The process goes from right to left. First the clamping pin is removed so the mirror can be released.
After removing the clamping pin, I removed part of the metal central axis so the first ring can act as reference substrate. I used a spinning mill, a DIY alternative is a hand drill like a Dremel.
A TESA hite 700 is used to assure that the cut is deep enough, and the inner ring ring is lower than the outer ring. A DIY alternative would be to use a micrometer gauge.
The polygon base is then placed back on the motor. UVacryl 2295 is deposited on the center ring and the prism is placed on top of it. This can be done by gloves or a pen-vac. The distance with respect to a reference pin is measured while the prism is rotated. This assures the prism is centered.
UV light is used to fix the prism in position. I used the blue point 2 from easy cure for 120 seconds. An UV led light at 375 nm suffices as well.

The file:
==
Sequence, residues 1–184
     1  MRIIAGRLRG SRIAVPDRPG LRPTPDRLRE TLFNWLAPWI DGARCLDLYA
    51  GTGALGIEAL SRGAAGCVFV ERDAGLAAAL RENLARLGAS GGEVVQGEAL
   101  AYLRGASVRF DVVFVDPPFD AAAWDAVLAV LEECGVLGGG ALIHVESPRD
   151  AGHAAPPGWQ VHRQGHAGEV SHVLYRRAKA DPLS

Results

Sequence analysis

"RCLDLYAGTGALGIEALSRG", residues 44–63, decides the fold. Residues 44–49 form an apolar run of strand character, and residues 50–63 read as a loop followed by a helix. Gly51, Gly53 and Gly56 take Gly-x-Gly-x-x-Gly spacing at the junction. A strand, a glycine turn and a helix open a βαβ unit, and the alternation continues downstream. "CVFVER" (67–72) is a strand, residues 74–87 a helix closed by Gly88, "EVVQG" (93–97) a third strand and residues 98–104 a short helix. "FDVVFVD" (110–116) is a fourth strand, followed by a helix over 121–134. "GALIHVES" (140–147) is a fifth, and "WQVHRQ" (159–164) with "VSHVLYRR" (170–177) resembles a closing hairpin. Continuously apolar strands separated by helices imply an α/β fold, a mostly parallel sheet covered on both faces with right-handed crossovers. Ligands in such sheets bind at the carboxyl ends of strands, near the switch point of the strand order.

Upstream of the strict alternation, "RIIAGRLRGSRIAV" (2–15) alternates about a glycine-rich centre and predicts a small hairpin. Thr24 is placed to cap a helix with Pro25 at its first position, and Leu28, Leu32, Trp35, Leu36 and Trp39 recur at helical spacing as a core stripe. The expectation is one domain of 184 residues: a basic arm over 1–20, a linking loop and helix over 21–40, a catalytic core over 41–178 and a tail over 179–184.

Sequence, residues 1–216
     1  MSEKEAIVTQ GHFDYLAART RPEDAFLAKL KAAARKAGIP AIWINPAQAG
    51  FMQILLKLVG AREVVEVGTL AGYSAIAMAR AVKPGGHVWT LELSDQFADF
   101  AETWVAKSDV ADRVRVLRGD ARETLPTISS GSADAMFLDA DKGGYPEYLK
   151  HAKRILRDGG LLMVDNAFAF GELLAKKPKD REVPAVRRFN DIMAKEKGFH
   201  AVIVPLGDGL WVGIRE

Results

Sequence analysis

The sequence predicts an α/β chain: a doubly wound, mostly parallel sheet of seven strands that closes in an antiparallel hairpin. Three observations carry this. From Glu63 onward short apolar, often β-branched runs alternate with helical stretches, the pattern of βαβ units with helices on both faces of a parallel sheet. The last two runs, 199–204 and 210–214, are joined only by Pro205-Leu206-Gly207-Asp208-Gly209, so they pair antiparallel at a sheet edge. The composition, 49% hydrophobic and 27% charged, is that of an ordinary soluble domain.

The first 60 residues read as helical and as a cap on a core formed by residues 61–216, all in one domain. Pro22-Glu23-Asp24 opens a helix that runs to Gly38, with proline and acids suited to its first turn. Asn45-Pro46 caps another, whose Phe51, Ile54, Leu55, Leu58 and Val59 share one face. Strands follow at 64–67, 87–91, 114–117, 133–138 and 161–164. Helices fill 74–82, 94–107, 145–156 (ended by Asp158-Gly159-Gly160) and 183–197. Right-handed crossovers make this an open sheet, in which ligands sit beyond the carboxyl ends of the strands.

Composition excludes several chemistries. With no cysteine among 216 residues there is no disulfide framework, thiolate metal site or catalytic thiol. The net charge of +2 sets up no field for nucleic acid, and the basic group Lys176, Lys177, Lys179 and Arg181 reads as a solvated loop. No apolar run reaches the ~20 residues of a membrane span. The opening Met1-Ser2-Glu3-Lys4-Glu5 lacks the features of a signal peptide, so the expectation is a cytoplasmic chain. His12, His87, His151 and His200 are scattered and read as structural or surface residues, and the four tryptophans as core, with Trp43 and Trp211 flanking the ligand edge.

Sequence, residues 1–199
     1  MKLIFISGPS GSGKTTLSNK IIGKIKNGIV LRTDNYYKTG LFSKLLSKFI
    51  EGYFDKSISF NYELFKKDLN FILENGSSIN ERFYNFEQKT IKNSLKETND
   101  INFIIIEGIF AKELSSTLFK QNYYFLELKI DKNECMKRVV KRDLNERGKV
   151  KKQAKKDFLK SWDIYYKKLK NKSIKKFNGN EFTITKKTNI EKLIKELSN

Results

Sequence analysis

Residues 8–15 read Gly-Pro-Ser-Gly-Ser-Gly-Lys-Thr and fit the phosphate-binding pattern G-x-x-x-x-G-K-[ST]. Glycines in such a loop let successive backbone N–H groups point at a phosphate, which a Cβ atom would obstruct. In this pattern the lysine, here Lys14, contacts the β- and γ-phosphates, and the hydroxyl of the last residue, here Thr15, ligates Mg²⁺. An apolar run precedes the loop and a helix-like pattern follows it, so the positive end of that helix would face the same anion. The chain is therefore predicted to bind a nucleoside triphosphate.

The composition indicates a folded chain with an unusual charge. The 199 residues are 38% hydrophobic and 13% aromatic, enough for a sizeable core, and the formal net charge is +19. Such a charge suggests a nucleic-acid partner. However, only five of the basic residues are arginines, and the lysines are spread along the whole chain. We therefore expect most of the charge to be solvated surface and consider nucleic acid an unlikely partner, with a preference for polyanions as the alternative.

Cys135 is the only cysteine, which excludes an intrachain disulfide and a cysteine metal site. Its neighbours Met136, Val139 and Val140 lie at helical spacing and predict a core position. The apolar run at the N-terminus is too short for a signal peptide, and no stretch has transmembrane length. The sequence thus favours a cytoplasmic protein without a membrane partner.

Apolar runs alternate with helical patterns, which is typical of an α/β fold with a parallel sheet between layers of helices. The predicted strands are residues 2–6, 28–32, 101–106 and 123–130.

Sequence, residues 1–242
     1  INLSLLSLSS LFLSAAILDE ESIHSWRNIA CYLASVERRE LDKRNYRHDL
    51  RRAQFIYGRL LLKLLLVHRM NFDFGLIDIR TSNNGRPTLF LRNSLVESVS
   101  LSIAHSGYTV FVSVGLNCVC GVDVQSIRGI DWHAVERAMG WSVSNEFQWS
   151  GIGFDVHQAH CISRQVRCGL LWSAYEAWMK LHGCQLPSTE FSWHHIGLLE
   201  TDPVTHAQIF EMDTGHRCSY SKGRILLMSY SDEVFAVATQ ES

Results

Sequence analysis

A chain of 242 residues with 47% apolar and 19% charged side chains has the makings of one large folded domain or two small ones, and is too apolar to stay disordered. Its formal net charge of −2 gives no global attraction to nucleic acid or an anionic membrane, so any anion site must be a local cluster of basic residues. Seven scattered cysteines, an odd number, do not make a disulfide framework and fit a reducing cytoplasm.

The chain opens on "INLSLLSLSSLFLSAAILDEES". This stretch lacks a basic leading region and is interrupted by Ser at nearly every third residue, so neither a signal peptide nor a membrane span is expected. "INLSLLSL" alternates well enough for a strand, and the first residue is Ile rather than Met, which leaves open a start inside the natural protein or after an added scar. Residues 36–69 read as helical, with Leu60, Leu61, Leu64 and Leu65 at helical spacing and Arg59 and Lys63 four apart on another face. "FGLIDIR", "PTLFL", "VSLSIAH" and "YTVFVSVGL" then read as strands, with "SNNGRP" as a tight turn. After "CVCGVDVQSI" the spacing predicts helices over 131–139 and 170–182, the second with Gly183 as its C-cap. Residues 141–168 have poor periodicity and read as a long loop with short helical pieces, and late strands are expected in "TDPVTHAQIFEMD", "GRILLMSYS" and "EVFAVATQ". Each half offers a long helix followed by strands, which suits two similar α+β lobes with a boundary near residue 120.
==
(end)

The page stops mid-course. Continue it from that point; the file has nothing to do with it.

In physics, it is easy to show that being reflective or a mirror has disadvantages. A mirror is four times more sensitive to the facet to datum error than a prism. The facet to datum error is key as it results in the cross scan error which is hard to remove. Jitter can be removed via the photo diode.
If a mirror has a facet to datum error of one degree, the total error is two degrees. If a prism with a refractive index of 1.5 has a facet to datum error of 1 degree, the total error is 0.5 degrees, see deviation angle prism on Wikipedia.